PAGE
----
One of the big problems with startups is they’re not ‘evil’ enough.
Now there’s a statement bound to make you go ‘huh’.
“You need to be a little bit evil,” says Alistair Croll a speaker at Supercharge. Supercharge was a startup oriented third day on October 7 of a Lean Startup Conference at Wellington’s Michael Fowler Centre. The first two days were aimed at government and corporate sectors, allowing USA speakers such as Croll to be slightly more relaxed in how they talked to actual startupees.
“In today’s world there’s an information overload which results in a shortage of attention,” Croll says. “You have to ask yourself that when you build something, will anybody care. To get that attention, sometimes you have to be a little bit naughtly. So, stop writing press releases, start doing a bit of hacking to find some customers.”
Croll suggests that startups have to employ unconventional strategies, “be a little bit hacky.”
He gave examples of new companies being clever and gaining an advantage from “zero-day hacks’.
- Farmville constantly inviting people to play on Facebook by posting to profiles. Facebook eventually removed this loophole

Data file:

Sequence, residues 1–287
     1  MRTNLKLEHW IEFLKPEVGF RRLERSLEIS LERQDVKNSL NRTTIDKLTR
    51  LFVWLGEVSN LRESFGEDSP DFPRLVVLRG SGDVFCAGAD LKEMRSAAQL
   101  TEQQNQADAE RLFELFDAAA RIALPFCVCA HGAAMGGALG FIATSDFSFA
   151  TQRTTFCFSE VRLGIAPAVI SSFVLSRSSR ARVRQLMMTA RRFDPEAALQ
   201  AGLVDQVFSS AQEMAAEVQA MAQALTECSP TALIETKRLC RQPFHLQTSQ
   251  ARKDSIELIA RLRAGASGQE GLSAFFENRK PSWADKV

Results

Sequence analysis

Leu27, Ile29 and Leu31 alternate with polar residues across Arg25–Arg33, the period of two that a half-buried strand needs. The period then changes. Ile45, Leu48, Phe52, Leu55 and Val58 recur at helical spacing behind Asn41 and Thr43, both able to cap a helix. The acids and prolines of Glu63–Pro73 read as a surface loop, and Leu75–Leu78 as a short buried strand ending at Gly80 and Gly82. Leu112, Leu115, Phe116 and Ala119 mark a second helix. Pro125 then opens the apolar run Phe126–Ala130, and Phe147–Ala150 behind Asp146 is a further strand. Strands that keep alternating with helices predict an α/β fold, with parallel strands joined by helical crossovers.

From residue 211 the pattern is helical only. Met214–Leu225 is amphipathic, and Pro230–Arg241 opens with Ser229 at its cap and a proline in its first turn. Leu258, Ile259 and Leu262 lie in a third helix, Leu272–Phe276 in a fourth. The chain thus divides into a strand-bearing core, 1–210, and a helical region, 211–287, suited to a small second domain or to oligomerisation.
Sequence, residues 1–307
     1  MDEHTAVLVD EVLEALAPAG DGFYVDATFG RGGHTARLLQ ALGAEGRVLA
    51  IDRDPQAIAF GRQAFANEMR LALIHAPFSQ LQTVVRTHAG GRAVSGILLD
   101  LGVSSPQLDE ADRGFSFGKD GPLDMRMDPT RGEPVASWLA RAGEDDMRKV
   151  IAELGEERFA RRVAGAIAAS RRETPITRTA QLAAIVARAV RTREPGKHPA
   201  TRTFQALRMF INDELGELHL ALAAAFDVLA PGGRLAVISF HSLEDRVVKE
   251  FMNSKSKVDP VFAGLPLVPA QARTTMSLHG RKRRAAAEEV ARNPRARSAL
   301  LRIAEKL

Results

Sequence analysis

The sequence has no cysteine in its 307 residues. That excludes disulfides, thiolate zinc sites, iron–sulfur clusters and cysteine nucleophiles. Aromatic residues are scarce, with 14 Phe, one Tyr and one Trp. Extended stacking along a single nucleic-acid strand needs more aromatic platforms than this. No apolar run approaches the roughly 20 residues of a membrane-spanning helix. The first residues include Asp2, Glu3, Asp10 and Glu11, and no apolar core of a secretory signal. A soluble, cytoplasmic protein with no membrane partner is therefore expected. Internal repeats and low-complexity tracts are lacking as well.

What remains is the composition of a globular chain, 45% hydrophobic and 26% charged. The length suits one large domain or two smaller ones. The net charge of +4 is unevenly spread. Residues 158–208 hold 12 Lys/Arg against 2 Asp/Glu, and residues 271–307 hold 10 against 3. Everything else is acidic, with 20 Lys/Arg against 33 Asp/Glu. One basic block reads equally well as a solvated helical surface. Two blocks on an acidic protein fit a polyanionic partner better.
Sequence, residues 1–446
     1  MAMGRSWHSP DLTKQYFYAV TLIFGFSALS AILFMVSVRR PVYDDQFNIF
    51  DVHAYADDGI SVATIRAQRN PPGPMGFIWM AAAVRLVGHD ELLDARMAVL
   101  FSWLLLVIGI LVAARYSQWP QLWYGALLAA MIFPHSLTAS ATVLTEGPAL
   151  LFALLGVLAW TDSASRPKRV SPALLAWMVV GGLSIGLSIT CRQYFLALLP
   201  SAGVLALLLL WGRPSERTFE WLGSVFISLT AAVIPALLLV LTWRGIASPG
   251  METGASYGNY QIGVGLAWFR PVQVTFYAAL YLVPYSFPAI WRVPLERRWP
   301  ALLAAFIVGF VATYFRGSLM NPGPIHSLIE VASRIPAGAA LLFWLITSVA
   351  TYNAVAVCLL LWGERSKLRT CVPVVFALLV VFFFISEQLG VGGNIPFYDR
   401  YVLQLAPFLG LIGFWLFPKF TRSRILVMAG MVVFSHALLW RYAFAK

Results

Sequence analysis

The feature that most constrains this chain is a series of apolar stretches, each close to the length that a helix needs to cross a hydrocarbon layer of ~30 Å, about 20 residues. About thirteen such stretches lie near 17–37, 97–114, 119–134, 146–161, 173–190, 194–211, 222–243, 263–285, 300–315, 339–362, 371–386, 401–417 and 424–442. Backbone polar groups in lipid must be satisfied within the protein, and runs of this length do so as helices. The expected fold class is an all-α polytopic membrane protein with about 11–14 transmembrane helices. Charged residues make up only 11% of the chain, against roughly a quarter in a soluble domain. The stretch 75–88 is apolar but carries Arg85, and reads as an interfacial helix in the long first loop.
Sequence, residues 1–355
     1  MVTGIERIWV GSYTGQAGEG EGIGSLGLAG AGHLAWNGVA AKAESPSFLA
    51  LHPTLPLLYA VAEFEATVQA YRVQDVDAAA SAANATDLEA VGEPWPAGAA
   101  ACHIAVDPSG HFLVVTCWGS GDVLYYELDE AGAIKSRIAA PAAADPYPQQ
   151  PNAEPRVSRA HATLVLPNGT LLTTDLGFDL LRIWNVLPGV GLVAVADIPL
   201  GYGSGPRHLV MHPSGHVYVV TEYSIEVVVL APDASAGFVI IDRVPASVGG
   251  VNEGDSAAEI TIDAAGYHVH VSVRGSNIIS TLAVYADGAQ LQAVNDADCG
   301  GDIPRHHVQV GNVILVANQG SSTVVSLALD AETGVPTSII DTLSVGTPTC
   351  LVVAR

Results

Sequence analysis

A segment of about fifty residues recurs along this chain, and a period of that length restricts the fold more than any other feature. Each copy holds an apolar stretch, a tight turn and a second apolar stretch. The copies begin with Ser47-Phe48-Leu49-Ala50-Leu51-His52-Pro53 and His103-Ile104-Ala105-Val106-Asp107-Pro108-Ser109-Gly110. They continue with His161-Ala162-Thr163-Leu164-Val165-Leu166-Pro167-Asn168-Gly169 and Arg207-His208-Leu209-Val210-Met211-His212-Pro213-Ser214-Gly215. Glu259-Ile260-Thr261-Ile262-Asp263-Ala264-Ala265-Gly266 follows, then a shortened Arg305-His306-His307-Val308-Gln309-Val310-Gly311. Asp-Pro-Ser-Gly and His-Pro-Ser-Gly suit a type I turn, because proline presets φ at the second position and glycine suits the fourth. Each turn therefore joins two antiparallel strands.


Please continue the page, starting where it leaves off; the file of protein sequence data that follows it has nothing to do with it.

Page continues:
- Someone from Tinder going to sororities (US, female college dormitories), talking on entrepreneurship, and having all these women installing the app. She then went across the road to the fraternity (male equivalent), got the guys to download the app and start swiping right
- Twitter – enabled posting through the texting network when smartphones weren’t common, limiting messages to 140 characters
His website is www.solveforinteresting.com, and elements of his thinking (in a non-creepy way) is that startups almost have to stalk their prospects, finding out who they are. (Given that the tagline on his website is ‘otherwise life is dull’, you can see that Croll’s thinking is non-standard!). In fact, I’d highly recommend checking out that site, and check out the brilliant Bud Caddell venn diagram shows about what we should be working on.
In fact, it is so good, I’ll paste it here.
“Therefore, watch for technology changes that change the status quo. Luck is opportunism, so recognise the easy path that no one else has noticed,” he says.
Most people assume the market will care about a startups products, when in fact they don’t says Croll.
“The question you’ve got to ask yourself is whether you’re being evil enough in your go to market strategy.”